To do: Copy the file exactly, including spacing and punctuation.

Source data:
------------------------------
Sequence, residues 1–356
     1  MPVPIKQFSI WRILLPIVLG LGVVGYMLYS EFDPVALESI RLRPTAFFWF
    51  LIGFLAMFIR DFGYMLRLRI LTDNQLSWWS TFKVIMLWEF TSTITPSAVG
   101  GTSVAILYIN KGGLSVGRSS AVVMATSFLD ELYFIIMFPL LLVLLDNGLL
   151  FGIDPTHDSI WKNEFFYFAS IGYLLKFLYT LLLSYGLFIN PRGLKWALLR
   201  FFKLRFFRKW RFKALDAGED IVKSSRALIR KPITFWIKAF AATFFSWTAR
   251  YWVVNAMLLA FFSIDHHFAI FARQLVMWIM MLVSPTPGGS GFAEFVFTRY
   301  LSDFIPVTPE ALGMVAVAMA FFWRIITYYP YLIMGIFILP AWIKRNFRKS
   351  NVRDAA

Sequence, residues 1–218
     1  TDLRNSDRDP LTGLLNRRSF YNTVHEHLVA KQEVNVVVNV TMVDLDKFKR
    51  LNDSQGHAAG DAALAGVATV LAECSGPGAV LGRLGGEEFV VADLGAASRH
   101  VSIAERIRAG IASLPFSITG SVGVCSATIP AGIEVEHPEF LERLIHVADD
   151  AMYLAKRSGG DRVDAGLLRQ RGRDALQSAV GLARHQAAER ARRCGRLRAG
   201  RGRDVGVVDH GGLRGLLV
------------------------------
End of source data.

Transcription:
Sequence, residues 1–356
     1  MPVPIKQFSI WRILLPIVLG LGVVGYMLYS EFDPVALESI RLRPTAFFWF
    51  LIGFLAMFIR DFGYMLRLRI LTDNQLSWWS TFKVIMLWEF TSTITPSAVG
   101  GTSVAILYIN KGGLSVGRSS AVVMATSFLD ELYFIIMFPL LLVLLDNGLL
   151  FGIDPTHDSI WKNEFFYFAS IGYLLKFLYT LLLSYGLFIN PRGLKWALLR
   201  FFKLRFFRKW RFKALDAGED IVKSSRALIR KPITFWIKAF AATFFSWTAR
   251  YWVVNAMLLA FFSIDHHFAI FARQLVMWIM MLVSPTPGGS GFAEFVFTRY
   301  LSDFIPVTPE ALGMVAVAMA FFWRIITYYP YLIMGIFILP AWIKRNFRKS
   351  NVRDAA

Sequence, residues 1–218
     1  TDLRNSDRDP LTGLLNRRSF YNTVHEHLVA KQEVNVVVNV TMVDLDKFKR
    51  LNDSQGHAAG DAALAGVATV LAECSGPGAV LGRLGGEEFV VADLGAASRH
   101  VSIAERIRAG IASLPFSITG SVGVCSATIP AGIEVEHPEF LERLIHVADD
   151  AMYLAKRSGG DRVDAGLLRQ RGRDALQSAV GLARHQAAER ARRCGRLRAG
   201  RGRDVGVVDH GGLRGLLV